Polycystic ovary syndrome (PCOS) is a heterogeneous syndrome affecting 5-10% of women of reproductive age. It is characterized by elevated circulating insulin, reduced insulin sensitivity, infertility, hyperandrogenism, and a multitude of symptoms that result in a decreased quality of life. The elevated insulin characteristic of PCOS is likely to play a major role in its pathogenesis by reducing insulin sensitivity and stimulating testosterone (T) production and increasing its free fraction. Although many women with PCOS are overweight/obese (10-50%), those who are non-obese suffer from the same symptoms as their obese counterparts. Thus, it is likely that the metabolic disturbances associated with PCOS predispose to weight gain, which in turn exacerbates PCOS by worsening insulin resistance. Manipulation of dietary carbohydrate quantity and quality (glycemic load; GL) may lower insulin and improve both reproductive and metabolic outcomes. No study has tested the efficacy of a lower GL diet among non-obese women with PCOS.

The Specific Aim of this proposal is to determine if a lower GL diet intervention is more effective than a standard (STD) diet in improving reproductive and metabolic outcomes of women with PCOS (both normal-weight and overweight/obese). We hypothesize that, in the absence of weight change, the lower GL diet will be more effective than the STD diet in decreasing insulin secretion, increasing insulin sensitivity, decreasing free T, decreasing fat from metabolically harmful sites, decreasing inflammation, and improving menstrual cyclicity and ovulation. Further, the lower GL diet will increase perceived fullness and decrease hunger, effects mediated via gut hormones.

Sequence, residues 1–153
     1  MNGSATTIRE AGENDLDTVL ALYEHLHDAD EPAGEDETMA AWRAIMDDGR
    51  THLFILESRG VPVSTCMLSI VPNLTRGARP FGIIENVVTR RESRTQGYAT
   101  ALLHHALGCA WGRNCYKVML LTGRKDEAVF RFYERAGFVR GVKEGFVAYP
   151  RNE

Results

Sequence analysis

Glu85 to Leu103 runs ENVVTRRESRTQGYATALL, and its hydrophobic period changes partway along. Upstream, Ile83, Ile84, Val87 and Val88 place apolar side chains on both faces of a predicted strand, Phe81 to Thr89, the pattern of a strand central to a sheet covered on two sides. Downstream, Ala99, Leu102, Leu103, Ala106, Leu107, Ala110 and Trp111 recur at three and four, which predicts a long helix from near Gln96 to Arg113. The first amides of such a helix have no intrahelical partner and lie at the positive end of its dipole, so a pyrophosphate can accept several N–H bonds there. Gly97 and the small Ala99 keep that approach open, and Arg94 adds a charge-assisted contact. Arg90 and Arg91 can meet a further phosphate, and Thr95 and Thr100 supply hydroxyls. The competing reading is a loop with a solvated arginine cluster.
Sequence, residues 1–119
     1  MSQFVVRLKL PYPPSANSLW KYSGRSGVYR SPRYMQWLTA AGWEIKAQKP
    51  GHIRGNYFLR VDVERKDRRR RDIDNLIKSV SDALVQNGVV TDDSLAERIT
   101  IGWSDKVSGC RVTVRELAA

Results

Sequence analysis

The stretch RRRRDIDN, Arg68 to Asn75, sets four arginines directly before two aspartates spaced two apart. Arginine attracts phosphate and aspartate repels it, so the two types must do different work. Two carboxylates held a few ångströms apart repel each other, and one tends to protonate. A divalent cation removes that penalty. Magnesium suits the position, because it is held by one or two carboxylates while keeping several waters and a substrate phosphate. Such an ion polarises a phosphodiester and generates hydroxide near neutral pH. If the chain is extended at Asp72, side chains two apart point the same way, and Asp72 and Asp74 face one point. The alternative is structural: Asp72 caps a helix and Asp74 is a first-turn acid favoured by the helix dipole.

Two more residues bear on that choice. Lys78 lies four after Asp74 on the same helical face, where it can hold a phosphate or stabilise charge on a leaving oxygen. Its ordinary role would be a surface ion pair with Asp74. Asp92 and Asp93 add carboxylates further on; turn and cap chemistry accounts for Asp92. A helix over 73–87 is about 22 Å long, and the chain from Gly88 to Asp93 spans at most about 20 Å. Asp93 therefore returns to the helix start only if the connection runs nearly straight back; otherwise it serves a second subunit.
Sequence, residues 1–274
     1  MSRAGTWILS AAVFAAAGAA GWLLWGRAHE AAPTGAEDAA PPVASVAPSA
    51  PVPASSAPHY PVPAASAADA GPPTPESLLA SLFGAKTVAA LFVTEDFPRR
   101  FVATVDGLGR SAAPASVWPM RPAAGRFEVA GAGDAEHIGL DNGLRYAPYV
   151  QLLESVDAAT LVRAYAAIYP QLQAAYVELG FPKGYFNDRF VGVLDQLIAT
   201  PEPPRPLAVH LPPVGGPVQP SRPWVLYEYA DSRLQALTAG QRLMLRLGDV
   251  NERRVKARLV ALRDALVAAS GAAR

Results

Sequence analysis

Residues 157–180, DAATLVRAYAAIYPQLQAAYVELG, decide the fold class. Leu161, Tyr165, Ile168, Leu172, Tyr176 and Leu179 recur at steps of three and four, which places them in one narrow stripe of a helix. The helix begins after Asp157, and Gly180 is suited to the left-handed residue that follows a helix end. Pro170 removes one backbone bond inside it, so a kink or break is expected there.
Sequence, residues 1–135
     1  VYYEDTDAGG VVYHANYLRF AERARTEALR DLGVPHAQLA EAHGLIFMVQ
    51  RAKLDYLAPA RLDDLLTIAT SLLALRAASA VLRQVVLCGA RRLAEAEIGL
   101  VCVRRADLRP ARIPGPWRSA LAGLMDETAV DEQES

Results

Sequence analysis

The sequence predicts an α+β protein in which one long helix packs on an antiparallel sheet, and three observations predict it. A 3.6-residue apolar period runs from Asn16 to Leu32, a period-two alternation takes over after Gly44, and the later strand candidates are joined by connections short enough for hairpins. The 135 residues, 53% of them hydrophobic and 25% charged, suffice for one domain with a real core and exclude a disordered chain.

Development of a diet that optimizes reproductive and metabolic health among women with PCOS will reduce reliance on pharmacologic treatments and improve quality of life, even in the absence of weight loss. This project is novel in being the first to conduct a highly controlled nutrition intervention in non-obese women with PCOS under weight stable conditions, utilizing robust measures of insulin secretion and action, fat distribution, inflammation, hunger/fullness, the gut hormone profile, and reproductive function. The results from this study can be used as a starting point from which to explore optimal diets for overweight women with PCOS.